Your doctor or nurse needs to discuss these restrictions with you.
You need to avoid strenuous activity or sports for several months while the cartilage is recovering.
After being discharged from the hospital, you will follow up in the clinic in 2-4 weeks.
Hospital Stay Care
For kids operated with the Ravitch procedure for pectus excavatum, the bar is removed around six months after the procedure.
Overall, the pectus excavatum surgical repair is a painful procedure.
Length of clinic stay is managed by postoperative pain management.
An epidural catheter, placed in the back, will be used to give you constant pain remedy for several days.
While the epidural is in place, you will have a catheter in the bladder to drain urine and to give oxygen by a small cell under the nose.
In some cases, it may be necessary for doctors to place a small tube in the cut to drain liquid.
The tubes are removed when the drainage finally stops, usually after several days.
If your kid undergoes this type of surgery, every step of the recovery is the same as for adults.
You can help your child recover faster by performing simple activities such as deep breathing, walking and sitting in a chair a few days after the operation.
The clear plastic strips, placed over the cuts, should be removed a few days after surgery.
There will be steri-strips put over the incisions.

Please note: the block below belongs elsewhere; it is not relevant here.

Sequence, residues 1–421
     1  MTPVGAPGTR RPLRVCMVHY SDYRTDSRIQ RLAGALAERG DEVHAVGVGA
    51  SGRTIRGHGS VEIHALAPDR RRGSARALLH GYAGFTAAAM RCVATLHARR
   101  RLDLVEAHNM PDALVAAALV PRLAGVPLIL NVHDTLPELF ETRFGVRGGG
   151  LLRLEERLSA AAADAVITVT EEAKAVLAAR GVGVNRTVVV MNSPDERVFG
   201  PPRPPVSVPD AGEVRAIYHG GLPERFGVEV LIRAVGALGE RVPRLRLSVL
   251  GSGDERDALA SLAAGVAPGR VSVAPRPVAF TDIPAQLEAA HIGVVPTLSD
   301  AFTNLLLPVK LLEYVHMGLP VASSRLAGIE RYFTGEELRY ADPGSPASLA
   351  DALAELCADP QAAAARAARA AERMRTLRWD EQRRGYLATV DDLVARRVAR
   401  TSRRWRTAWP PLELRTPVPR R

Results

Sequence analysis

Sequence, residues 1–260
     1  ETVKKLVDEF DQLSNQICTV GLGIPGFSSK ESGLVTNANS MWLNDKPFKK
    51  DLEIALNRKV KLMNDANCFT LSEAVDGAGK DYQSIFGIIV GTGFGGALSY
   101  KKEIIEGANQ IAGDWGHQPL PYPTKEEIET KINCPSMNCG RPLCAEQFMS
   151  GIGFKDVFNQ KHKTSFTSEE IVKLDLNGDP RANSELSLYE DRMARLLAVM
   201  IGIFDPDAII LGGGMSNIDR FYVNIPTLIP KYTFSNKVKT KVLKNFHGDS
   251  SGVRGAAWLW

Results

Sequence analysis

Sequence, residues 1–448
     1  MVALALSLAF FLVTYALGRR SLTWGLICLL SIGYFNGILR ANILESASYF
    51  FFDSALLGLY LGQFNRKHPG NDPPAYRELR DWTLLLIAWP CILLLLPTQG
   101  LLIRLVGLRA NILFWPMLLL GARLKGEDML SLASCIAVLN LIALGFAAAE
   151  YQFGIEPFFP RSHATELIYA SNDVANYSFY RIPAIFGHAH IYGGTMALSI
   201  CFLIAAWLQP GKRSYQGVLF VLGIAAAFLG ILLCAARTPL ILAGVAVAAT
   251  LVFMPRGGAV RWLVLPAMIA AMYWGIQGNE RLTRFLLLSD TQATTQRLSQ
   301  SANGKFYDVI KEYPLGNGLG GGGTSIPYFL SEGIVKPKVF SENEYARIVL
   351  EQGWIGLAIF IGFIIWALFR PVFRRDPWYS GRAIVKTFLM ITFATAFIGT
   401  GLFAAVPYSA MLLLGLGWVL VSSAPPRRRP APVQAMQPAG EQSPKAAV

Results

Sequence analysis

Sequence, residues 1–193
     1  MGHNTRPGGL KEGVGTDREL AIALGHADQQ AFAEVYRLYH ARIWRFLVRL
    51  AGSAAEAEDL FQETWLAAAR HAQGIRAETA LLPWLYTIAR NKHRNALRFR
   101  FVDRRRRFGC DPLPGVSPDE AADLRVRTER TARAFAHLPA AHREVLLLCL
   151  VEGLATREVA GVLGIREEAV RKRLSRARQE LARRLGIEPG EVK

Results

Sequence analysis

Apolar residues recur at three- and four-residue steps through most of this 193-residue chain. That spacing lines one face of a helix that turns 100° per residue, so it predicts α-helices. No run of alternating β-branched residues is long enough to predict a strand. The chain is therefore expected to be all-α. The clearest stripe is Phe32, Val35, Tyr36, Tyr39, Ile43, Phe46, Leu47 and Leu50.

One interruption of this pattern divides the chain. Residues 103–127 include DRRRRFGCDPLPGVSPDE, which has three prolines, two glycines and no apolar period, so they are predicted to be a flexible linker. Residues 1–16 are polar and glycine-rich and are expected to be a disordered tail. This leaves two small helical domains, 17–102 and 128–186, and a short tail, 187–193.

The skin surrounding the cut may be red and bruised, and the cut can be slightly puffed.
All of this is normal when it comes to difficult surgeries.
In most operations, the injury is closed with dissolvable stitches.
These stitches are under the skin and don’t have to be removed.
A strut is applied in the more critical pectus excavatum patients.
If the volume of anterior separation created by the repair was so high, that additional stabilization during the bone healing period is acceptable.
Struts are easily removed after 6 to 8 months as an outpatient procedure.
In children, these stitches may be removed in about 4 weeks postoperatively.
The best treatment after this is by gently cleaning the area with soap and water.
With time it will start to normal.
When the stitch falls out or fully disappears, the scar will heal.
There is a chance of acquiring signs like worsening redness, swelling pain in the cut area, and illness in 2 weeks after the operation.
If you have any of this call your doctor, do not try to treat this by yourself.
There may be some inflammation in the incisions. When the cut is healed, you will be able to feel a strong elevation under the cut.
This is named a “healing ridge”.
It’s because the muscles are pieced back together. You’ll usually feel this for several months.
When your treatment in the clinic is done, you can go home and have your home-recovery time.
Do not forget to continue exercising once you leave the hospital. Easy movements like calming yoga postures can help with your condition.
Walking is one of the best things you can do postoperatively for your well-being. Also, breathing exercises will benefit you greatly.